The tragedy of Chilean president Salvador Allende and the military coup that ended his utopian government has been retold from many perspectives; in “The Conspiracy,” it receives unusually personal treatment from documaker Emilio Pacull, whose stepfather Augusto Olivares, Allende’s closest collaborator, committed suicide just minutes before the besieged president. The French title “Fragile Heroes” better conveys the film’s thoughtfully melancholy, gently probing tone, which skirts autobiography when Pacull, now residing in France, describes his own feelings about Chile. The familiar story will probably follow the usual path of fest-to-ancillary outside the producing countries.
Thrust of the film is on lost utopia and the way the Chilean dream of democracy was destroyed by Pinochet’s coup, prepared with the help of the CIA as declassified documents attest and excerpts from Costa-Gavras’ “Missing” with Jack Lemmon vividly recall. Pacull argues that the success of a socialist experiment in Chile would have challenged the American doctrine that only capitalism is conducive to democracy; ergo, Nixon and Kissinger’s conspiracy against Allende.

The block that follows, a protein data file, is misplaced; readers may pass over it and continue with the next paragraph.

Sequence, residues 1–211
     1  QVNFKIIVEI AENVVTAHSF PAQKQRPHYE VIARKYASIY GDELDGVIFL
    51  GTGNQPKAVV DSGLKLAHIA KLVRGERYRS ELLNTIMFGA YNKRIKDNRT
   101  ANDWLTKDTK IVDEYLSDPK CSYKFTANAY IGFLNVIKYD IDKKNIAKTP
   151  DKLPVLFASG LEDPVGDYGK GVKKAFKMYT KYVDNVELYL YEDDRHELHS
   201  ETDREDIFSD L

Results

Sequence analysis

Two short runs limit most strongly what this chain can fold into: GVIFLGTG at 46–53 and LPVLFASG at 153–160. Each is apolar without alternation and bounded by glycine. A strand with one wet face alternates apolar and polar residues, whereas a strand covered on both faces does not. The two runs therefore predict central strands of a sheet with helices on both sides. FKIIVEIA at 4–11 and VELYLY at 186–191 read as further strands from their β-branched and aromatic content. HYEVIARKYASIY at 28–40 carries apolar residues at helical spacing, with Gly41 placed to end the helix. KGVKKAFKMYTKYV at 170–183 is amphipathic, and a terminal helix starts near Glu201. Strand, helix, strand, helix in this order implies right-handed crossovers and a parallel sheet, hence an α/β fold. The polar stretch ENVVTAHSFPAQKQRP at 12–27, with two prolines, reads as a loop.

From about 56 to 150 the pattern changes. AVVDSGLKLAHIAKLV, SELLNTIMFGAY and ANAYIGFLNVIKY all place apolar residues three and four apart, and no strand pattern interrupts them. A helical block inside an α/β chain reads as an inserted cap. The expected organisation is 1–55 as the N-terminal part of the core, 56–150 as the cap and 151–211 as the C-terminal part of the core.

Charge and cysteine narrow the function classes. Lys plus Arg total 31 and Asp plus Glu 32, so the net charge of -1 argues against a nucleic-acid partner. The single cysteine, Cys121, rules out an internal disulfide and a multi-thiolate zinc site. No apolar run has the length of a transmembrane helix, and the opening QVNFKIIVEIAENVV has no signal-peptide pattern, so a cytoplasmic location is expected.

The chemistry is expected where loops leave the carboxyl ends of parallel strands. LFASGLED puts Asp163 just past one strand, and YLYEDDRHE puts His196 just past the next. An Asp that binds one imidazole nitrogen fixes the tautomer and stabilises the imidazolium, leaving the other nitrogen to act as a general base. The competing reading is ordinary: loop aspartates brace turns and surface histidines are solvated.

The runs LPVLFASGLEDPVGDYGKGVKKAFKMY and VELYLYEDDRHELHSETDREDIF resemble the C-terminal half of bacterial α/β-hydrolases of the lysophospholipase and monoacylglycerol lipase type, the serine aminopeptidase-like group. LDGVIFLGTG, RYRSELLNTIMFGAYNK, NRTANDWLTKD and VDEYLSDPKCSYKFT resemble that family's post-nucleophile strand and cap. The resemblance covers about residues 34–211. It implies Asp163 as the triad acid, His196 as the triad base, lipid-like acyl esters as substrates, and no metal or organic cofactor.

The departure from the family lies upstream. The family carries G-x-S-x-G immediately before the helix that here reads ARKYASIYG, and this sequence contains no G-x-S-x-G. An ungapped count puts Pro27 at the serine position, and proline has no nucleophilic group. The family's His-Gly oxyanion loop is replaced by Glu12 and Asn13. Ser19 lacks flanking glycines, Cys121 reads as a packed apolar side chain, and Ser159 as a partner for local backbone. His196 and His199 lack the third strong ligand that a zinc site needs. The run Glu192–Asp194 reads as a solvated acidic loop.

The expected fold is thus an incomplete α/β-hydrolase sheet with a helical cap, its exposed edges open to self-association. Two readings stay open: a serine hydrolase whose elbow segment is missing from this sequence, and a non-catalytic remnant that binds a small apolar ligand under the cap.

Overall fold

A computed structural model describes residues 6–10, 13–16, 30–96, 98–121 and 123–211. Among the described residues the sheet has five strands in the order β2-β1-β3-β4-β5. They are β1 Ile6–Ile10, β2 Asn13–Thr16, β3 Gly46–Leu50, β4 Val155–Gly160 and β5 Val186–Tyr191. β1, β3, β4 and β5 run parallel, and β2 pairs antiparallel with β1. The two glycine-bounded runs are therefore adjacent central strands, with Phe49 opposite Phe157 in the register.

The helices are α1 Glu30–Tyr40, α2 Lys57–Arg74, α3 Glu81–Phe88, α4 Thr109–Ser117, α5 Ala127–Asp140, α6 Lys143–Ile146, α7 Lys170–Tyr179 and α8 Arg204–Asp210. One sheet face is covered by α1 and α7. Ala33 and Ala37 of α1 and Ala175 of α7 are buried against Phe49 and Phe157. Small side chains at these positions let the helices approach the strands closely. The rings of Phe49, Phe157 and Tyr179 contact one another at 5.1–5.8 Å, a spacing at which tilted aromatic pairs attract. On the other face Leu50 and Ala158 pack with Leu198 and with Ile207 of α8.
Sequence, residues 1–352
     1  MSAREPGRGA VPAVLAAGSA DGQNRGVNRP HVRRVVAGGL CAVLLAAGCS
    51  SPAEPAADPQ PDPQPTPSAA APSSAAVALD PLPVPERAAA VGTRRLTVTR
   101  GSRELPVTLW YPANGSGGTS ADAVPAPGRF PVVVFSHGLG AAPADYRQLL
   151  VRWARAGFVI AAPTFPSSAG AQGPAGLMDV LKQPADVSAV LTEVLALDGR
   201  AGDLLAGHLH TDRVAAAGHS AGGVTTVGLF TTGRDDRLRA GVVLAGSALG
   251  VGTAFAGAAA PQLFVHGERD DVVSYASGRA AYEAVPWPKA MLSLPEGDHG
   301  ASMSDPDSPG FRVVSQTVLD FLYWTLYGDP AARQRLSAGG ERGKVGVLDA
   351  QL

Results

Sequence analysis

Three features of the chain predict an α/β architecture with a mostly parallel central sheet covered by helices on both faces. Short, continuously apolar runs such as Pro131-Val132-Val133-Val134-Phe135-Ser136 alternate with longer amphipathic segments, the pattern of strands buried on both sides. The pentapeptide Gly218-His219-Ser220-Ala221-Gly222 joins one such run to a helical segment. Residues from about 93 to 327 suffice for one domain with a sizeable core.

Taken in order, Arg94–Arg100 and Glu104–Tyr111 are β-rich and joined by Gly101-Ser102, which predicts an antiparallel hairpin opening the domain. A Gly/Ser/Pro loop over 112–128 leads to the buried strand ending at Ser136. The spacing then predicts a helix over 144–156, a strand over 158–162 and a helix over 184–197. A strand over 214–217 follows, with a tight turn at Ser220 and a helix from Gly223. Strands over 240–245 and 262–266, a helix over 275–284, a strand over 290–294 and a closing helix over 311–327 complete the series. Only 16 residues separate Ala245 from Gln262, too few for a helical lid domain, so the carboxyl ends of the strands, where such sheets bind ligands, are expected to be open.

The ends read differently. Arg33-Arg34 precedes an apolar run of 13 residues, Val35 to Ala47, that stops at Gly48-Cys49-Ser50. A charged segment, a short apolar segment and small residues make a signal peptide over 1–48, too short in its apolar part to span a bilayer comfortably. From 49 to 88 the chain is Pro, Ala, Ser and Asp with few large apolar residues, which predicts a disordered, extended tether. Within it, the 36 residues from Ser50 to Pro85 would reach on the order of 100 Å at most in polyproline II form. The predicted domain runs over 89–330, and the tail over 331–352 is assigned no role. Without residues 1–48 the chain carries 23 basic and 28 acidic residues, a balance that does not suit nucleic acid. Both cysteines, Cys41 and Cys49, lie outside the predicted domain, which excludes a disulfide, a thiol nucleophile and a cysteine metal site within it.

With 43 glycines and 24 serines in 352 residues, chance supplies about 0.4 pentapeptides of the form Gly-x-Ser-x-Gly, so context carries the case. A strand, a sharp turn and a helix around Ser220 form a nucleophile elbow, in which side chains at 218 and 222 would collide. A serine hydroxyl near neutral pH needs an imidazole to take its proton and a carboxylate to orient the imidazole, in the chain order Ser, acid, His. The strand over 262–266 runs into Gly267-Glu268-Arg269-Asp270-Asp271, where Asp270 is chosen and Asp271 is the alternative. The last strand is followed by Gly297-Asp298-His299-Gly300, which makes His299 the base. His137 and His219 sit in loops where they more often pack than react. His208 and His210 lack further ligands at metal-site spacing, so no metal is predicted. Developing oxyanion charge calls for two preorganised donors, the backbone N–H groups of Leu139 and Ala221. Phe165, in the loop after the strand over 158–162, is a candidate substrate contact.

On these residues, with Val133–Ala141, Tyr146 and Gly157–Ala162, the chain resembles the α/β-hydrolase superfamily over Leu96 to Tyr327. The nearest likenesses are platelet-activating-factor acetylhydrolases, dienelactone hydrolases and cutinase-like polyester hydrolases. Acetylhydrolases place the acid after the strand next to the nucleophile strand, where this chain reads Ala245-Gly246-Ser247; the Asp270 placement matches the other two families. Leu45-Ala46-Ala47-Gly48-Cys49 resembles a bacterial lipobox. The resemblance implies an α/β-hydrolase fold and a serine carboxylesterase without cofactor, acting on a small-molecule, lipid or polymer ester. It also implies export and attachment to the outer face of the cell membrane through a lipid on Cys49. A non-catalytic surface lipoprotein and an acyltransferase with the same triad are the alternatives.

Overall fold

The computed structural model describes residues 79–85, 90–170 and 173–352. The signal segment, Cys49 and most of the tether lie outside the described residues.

Pacull was a child living in France when his stepfather died during the military attack on the presidential palace, and his re-creation of that traumatic event through eyewitnesses and archival photos is no more intimate than other films on the subject. Still, his connection to Olivares, who resembled Allende physically and shared his vision, adds something.
Film is enlivened with period photos, songs, music and film clips. Camerawork, credited to Pascal Radao and Ralf A. Oberti, is highly aestheticized, making use of slow-motion lensing and startling imagery. Too loosely structured to make a big point, the film closes without choosing between several regretful endings. One disappointment at its Rome Fest screening was a formal-sounding British voiceover that inexplicably replaced Pacull’s first-person narration.